In the village it is also called the Jewish quarter, Kabyle is a term of Berber origin meaning tribe of Bedouins or Berbers. It is used to designate the territory where these tribes are settled. Perhaps the name of the neighborhood has some relation to this meaning, but it is not possible to be sure. It was also used to designate the Berber tribes of North Africa who confronted Spanish troops during the Spanish protectorate of Morocco (1913-1956). The cabilas were the basis of the political-administrative organization at the territorial level and each of them was governed by a kaid.
It seems to be a neighborhood built very quickly, in the suburbs, a little apart from the population. The old chronicles tell how Villamesías did not have the houses arranged in the form of neighborhoods and streets, but were joined together in no apparent order. In this neighborhood is where the housing plots have a more or less regular size, a little below the average of the rest of the population.
The houses are squeezed together, generally offering little façade, but with a lot of depth. The rudimentary forms, at times present scenes that connect with the ancestors of the place.
There are hardly any neighbors left in this area, many of them emigrated years ago. Calle Nueva, Calle de la Cebada and Travesía Corta seem to be the central core of the neighborhood, although Calle Corta is where many of the neighborhood’s attractions come together.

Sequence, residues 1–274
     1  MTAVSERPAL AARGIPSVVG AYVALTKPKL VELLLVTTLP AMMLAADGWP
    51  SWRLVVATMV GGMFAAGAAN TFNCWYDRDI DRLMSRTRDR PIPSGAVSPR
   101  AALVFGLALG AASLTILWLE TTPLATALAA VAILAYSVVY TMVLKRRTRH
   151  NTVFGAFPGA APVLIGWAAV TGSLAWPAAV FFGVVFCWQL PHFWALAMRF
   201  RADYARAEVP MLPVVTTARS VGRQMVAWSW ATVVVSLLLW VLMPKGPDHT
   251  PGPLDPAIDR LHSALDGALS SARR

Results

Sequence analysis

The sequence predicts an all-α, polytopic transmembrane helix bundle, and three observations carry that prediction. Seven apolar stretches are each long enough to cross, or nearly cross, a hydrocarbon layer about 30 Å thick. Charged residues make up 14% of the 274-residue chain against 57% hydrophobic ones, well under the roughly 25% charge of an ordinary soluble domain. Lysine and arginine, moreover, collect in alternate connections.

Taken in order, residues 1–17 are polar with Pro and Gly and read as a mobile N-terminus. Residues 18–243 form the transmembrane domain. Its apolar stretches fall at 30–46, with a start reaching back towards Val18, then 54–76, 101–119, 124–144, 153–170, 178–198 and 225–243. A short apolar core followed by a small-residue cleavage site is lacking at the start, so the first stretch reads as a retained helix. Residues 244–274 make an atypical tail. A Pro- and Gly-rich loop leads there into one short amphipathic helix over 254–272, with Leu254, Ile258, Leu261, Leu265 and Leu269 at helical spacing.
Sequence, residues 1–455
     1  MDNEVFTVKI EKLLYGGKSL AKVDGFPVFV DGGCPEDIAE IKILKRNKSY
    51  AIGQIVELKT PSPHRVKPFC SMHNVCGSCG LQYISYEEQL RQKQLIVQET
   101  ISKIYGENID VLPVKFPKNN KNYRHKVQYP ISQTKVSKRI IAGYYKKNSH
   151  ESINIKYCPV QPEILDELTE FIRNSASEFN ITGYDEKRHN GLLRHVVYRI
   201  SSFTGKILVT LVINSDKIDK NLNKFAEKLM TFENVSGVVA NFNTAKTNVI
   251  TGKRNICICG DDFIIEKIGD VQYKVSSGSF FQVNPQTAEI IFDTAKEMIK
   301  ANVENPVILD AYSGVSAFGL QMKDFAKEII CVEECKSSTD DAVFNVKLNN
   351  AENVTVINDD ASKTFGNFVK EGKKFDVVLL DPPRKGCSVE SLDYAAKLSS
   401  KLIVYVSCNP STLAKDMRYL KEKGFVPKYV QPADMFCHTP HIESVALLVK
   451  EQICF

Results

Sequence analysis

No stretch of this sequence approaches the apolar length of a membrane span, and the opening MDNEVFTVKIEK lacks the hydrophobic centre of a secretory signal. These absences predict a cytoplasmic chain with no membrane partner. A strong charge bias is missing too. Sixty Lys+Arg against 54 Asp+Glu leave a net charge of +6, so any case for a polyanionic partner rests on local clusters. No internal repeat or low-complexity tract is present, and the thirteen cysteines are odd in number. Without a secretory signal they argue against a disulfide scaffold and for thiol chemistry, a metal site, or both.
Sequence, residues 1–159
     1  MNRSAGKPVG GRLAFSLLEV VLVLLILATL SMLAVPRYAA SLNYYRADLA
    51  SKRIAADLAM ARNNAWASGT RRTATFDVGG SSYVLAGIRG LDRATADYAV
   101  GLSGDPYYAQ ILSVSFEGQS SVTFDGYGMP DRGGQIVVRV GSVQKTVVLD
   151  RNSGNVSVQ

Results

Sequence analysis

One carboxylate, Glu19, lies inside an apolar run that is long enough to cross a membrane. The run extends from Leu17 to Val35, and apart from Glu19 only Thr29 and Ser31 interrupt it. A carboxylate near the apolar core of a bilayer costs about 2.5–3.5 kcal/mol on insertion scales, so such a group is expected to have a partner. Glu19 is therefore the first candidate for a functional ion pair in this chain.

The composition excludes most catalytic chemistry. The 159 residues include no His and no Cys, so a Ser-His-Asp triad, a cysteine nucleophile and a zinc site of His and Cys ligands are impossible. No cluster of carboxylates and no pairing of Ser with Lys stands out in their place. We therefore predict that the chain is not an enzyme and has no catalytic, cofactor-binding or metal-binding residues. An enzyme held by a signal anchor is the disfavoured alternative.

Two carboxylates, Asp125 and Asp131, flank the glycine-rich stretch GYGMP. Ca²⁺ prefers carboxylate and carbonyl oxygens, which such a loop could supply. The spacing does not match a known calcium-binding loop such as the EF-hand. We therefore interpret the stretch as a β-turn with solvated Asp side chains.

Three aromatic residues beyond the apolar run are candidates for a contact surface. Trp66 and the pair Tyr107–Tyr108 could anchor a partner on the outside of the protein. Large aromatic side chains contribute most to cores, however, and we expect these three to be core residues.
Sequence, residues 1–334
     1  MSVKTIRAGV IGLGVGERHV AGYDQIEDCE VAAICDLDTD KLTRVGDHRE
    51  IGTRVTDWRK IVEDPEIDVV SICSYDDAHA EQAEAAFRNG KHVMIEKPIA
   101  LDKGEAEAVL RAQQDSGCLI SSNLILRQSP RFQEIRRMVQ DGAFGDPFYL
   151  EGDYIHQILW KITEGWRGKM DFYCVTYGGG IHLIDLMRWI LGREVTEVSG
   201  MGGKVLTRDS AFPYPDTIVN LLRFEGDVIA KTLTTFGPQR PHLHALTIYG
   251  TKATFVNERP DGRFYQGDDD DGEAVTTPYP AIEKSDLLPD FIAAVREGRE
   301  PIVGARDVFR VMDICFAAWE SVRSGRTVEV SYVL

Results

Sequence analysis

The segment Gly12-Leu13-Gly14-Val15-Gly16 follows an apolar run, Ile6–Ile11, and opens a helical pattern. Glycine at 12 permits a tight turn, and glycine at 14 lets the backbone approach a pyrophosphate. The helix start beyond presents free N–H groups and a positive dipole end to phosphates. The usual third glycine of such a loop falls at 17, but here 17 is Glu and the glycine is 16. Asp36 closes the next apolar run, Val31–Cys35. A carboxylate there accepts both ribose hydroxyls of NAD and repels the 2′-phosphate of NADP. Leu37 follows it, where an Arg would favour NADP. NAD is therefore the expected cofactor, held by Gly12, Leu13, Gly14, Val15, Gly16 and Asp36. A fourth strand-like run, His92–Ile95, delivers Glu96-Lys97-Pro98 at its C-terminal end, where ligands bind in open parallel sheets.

There is a large house with a slender canopy on the front door that stands out from the others. with two floors and a large plot, suggests that it may once have been the main one in the district, in the grilles of one of its windows shows details of artistic virtuosity and great symbolism. It has a cross on two snakes, two palm leaves topping its sides. It represents a biblical allegory that connects the crucifixion of Christ with the ascension. According to the Old Testament, God commanded Moses to use a bronze snake on a pole as a means of healing for the snake-bitten Israelites. The serpent on the cross would symbolize the triumph over sin and death through faith in Christ. The palm of martyrdom, a Christian symbol representing the victory of the martyrs over death and sin. The palm was a symbol of victory in ancient times and was associated with Palm Sunday, when Jesus triumphantly entered Jerusalem.
In the rocks between the walls of the houses we find marks of the passage of men since ancient times: steps, holes of augers or wedges to break the stone. It seems to have also been the quarry from which the stone was extracted for the construction of these houses.
The modifications that the houses in the neighborhood have undergone can be seen in their walls. many entrances appear large and slender with no more than a large door. Other times windows and doors are boarded up or incomplete. As in the rest of the town, there are Roman tombstones on the walls of some houses, usually in the corners.
The patterns of many corners will call our attention for their archaic forms, their thick volumes and their beauty.